Doug Hoekstra | February 5, 2019 | Five-Minute Books
Paperback ISBN: 978198366471| Price: $14.99








In an interview, Doug Hoekstra can discuss:

  • His musical career and how it influenced the poetry and prose in Unopened
  • Where he draws inspiration to create so much original and unique content
  • How he sees the writing process differing from music
  • Why he chose to separate the book into the internal self, external world, and space inbetween
  • The journey he hopes readers will take while reading the book
  • Where his idea for the cover comes from


HoekstraAuthorPhotoAn Interview with Doug Hoekstra

The book is broken down into three parts: “On the Page,” “Off the Canvas,” and “Between the Notes.” Can you describe what each section means to you?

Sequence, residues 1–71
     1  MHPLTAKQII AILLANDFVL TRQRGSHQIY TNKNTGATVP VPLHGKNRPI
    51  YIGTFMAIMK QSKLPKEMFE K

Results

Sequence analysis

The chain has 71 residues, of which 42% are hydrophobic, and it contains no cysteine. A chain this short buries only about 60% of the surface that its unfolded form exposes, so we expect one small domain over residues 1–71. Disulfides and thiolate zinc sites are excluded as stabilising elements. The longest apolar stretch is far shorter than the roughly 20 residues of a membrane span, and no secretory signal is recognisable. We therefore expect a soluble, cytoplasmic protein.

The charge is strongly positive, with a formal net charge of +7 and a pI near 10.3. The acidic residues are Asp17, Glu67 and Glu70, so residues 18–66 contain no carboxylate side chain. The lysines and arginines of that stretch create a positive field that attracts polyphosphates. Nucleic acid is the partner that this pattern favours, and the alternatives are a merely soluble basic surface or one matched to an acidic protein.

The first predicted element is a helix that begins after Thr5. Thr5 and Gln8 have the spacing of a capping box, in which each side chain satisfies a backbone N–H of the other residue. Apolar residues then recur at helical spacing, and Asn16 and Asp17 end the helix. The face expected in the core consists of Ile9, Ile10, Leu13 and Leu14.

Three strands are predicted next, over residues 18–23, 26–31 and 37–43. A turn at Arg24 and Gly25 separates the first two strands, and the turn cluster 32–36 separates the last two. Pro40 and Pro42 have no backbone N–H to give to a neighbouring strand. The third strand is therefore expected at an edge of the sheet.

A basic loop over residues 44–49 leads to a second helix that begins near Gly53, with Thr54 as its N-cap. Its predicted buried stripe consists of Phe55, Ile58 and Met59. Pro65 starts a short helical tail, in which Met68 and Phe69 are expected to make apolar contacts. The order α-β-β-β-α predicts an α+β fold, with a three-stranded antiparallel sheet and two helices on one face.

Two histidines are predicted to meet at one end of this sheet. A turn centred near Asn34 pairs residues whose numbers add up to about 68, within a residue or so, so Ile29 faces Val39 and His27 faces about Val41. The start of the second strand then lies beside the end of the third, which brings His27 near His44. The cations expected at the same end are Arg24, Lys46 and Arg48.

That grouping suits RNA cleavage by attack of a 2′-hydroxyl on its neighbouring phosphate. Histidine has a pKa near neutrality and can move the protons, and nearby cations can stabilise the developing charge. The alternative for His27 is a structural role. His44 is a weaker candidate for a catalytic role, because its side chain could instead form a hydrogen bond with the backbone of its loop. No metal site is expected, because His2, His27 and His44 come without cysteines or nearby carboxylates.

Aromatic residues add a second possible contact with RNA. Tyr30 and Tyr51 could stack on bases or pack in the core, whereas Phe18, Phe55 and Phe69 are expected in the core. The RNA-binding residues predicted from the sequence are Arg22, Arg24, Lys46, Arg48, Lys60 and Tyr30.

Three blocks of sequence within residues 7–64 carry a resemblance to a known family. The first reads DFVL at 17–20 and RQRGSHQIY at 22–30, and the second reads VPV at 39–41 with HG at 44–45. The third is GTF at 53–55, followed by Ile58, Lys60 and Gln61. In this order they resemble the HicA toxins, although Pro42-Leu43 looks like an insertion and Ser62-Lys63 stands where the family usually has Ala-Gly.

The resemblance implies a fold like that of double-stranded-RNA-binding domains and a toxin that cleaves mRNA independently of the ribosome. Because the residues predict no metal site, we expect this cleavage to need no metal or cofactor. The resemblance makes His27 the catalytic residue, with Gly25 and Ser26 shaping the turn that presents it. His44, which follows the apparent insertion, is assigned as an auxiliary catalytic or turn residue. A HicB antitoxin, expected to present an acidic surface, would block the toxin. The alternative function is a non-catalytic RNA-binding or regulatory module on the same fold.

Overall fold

They are divided that way to allow the reader to experience the poems in their own reality. Part One is titled “On the Page,” because it holds together close to home, with tales of family, friends, and things that center the human soul. Once we are in that place, we move on to Part Two, “Off the Canvas,” branching out into the world, natural and manmade, weaving personal, political, and societal experiences. This takes us to Part Three “Between the Notes,” where we venture further yet, with tales of music, art, love, and sex, and those indefinable places where we take risks and see where they lead. Once we’ve done that we often return to the page. Or not. But it’s up to the reader and their journey.

Can you describe the artwork that you included on the front and back covers?